There are times when the concepts of sanity and dog ownership don’t mix. It’s not that we don’t love them and vice versa, but sometimes we just get in each other’s way. In order for us to mix, we sometimes need to separate the ingredients. We need space.
One of the easiest ways to create space is to teach your dog about the most awesome and peaceful place in the universe, the crate. Now I know that many people bemoan the crate as cruel and unusual punishment. “And besides” they say, “my dog hates the crate.” But the fact of the matter is that for many dogs the only time they see the crate is when something “distasteful to doggy” is about to happen; so why would they like the crate?
Crate training should be fun and relatively easy for the both of you. Unless you have a dog that was raised in a puppy mill, or was in a situation where they spent the majority of their time in a crate, or has separation issues, crate training is pretty painless. Here are just a few ideas that will get your dog making positive associations with their crate:
Crate Training Dos
- Feed your dog in and around the crate
- Play food games that teach the dog that going into the crate is great and going into the crate on command is even better
- Make up games that involve the crate such as touch or close the door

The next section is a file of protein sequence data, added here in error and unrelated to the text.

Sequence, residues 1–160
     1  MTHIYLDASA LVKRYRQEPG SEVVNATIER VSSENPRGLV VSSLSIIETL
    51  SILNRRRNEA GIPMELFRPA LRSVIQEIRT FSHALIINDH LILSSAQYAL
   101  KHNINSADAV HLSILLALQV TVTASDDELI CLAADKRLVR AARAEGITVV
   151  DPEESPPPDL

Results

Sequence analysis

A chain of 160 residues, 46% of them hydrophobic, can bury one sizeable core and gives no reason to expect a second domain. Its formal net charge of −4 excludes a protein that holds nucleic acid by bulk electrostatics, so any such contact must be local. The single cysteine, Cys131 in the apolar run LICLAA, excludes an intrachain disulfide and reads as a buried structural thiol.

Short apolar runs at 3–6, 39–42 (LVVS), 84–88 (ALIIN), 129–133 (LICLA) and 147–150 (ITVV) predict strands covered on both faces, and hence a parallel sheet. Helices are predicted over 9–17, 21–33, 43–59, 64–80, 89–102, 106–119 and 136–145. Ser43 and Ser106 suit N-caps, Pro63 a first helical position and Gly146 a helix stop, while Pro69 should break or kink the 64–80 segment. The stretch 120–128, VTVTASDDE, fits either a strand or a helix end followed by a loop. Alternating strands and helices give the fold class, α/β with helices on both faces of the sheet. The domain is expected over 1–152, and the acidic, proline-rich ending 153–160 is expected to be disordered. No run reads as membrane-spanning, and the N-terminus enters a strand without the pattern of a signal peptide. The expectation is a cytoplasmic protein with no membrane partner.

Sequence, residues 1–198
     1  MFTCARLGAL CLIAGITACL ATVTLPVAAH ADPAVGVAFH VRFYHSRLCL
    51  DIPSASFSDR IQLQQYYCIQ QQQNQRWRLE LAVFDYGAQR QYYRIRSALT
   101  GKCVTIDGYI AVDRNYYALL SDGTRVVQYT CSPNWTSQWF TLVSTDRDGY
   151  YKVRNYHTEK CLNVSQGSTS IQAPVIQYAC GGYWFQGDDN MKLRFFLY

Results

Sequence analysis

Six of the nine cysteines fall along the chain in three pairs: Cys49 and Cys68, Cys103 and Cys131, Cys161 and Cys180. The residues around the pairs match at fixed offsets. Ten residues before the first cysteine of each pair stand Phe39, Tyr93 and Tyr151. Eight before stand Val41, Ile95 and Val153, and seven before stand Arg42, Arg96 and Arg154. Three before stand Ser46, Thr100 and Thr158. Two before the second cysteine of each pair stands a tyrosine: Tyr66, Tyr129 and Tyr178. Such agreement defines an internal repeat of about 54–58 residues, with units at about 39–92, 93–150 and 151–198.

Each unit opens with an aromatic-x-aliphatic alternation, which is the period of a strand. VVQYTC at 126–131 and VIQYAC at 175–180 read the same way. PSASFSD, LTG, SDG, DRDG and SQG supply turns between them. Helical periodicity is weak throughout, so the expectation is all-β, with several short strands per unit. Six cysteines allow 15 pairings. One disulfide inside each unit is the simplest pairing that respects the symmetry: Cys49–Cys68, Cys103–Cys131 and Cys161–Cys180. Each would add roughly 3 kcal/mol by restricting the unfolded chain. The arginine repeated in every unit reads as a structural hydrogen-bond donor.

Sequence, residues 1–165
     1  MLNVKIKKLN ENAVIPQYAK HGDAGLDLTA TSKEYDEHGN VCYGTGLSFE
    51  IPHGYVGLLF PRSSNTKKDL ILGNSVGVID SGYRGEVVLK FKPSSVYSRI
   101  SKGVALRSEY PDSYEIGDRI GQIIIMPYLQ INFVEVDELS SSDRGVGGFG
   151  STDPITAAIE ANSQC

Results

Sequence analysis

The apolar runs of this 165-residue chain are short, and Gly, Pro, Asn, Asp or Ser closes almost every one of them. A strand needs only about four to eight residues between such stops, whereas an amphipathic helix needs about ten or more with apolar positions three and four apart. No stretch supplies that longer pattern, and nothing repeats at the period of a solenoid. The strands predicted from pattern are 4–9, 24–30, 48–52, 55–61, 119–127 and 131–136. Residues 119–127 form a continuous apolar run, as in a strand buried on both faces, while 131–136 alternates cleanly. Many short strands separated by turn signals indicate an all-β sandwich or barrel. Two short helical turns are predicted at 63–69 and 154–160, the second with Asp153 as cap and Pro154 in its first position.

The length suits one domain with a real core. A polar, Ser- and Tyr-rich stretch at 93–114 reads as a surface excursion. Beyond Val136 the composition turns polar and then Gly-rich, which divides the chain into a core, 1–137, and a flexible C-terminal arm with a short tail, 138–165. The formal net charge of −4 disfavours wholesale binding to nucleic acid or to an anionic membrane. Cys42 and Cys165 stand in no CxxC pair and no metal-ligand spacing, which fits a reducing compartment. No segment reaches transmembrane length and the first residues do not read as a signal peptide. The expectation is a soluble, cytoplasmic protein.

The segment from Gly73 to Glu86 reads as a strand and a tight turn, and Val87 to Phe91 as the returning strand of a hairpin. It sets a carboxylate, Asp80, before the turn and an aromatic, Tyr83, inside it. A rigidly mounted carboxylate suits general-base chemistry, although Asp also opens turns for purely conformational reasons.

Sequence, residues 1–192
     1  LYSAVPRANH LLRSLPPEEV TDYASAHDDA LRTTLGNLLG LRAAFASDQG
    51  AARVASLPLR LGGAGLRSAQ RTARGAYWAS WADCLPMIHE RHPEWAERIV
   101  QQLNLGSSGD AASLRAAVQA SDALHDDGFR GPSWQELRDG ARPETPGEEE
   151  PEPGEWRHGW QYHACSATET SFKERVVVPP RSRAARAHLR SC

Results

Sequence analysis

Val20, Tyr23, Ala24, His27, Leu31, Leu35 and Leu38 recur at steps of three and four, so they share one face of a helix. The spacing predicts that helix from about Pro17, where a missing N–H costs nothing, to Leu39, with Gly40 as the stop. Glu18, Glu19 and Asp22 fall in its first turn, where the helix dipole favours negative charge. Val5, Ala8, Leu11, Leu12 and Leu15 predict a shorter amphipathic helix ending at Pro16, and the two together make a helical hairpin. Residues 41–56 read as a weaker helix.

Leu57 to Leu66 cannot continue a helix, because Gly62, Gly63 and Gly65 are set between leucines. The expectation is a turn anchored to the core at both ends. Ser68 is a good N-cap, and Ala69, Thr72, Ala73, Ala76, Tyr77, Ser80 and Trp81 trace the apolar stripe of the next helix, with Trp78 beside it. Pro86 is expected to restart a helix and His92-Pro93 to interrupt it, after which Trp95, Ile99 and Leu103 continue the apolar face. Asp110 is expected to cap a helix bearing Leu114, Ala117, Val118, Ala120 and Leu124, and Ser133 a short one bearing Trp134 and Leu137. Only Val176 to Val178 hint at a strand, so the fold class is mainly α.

- Make their first stays in the crate short ones that result in a walk or a fun game upon release
- Place a Kong or other fun (and safe) toy to keep them occupied when teaching them to settle for extended periods of time
Even though it’s a simple process, there are a few things you want to avoid when training your dog to like the crate, they include:
Crate Training Don’ts
- Even if you feel you were thoroughly provoked, do not use the crate as a “go to your room bad dog” punishment (sin bin for you hockey fans), especially when you are trying to train them to like the crate
- Do not leave the dog in the crate for extended periods of time with nothing to keep them occupied, especially when first teaching them to accept the crate
- Place the crate where they won’t have a direct view of activities they will most certainly want to be a part of
I am sure others can find a few more dos and don’ts to add to the lists, but I think the point is pretty clear. As with any training, creating a positive association with an object means your dog is more likely to accept and interact with it than when the object has primarily negative associations.
The bottom line is that if you turn the crate into a magic box where learning and fun things happen from time to time, then they won’t mind as much when your ultimate goal is to keep them from parading your underwear around during the Christmas party.